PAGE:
#Cyber #Infrastructure #Security #Centre #restructured #Strategy #Security

The government’s Cyber Infrastructure Security Centre ended 2022 with an organisational and executive restructure.

CISC head Hamish Hansford wrote in the organisation’s January newsletter [pdf] that the restructure is designed to support a “dual mandate” of improving the security and resilience of critical infrastructure, and improving the CISC’s “support, guidance and engagement” with its stakeholders.

“We completed an internal restructure late last year – streamlining our functions into two divisions: the partnerships, planning and cyber response division, and the security regulation division”, Hansford wrote.

“Having come together in late 2021 as a centre, and setting the foundations for success across 2022, I am confident 2023 will be the year CISC hits its stride as a mature partner and best practice regulator.”

iTnews understands the restructure was formalised on December 1 last year.

A Department of Home Affairs spokesperson told iTnews the restructure is designed to “streamline operations and to give owners and operators greater confidence and clarity when they engage with us.:”

“With this new structure, CISC can better delineate national partnerships, planning and cyber response functions, alongside regulatory functions,” the spokesperson added,

Under the restructure, three members of the executive have left:

  • Lib Clark, formerly assistant secretary, industry partnerships, has left. Her role, now held by Emily Grant, is also now titled assistant secretary, industry partnerships branch in the partnerships, planning and cyber response division.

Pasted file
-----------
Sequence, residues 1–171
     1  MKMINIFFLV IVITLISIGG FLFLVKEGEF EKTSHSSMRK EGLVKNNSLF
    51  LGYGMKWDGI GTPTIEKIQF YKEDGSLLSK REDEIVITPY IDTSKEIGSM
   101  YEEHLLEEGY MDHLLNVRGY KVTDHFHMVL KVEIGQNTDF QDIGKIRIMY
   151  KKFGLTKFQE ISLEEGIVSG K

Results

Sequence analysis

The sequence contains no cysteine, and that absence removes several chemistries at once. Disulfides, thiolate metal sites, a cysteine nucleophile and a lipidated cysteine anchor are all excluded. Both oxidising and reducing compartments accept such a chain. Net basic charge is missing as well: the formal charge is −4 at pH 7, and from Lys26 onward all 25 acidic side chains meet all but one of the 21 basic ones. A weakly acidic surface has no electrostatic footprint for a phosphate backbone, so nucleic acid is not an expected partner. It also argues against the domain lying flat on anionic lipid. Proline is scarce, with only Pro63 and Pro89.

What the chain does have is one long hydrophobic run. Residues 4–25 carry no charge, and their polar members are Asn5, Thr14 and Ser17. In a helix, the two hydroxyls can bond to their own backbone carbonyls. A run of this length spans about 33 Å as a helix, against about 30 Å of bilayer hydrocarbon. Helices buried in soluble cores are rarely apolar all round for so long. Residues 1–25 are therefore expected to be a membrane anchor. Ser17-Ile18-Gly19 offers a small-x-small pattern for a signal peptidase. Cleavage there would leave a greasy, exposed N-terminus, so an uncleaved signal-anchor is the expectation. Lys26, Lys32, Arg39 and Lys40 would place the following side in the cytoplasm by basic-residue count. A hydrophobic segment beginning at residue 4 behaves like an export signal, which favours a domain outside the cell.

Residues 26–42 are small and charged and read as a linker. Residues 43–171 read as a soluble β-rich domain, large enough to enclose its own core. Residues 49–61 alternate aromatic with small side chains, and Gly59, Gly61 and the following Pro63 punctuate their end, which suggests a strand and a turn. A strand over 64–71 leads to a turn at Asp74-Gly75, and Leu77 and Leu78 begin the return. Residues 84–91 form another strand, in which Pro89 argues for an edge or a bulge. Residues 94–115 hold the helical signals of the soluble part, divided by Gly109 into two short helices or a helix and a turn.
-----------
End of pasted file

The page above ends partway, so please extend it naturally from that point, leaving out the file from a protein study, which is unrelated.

• Britt Walker, formerly assistant secretary, risk assessment and modelling, and Sarah Warner, formerly acting assistant secretary, security risk branch, are no longer with the CISC.

In other movements, Sam Grunhard, deputy group manager of cyber and infrastructure security centre, now has added responsibility as first assistant secretary of the security regulation division.

In addition, Michael Burke, senior assistant secretary of the partnerships, policy and capability division, has had his role upgraded to deputy group manager and first assistant secretary, partnerships, planning and cyber.

Finally, Joe Smith, senior director for implementation, crisis response and recovery, has been upgraded to assistant secretary, cyber security response coordination unit in the partnerships, planning and cyber response division.

iTnews understands Smith’s role will be to collaborate with entities such as the National Emergency Management Agency and the Australian Cyber Security Centre, to support the National Coordination Mechanism and provide a technical advice and advisory function on cyber matters.

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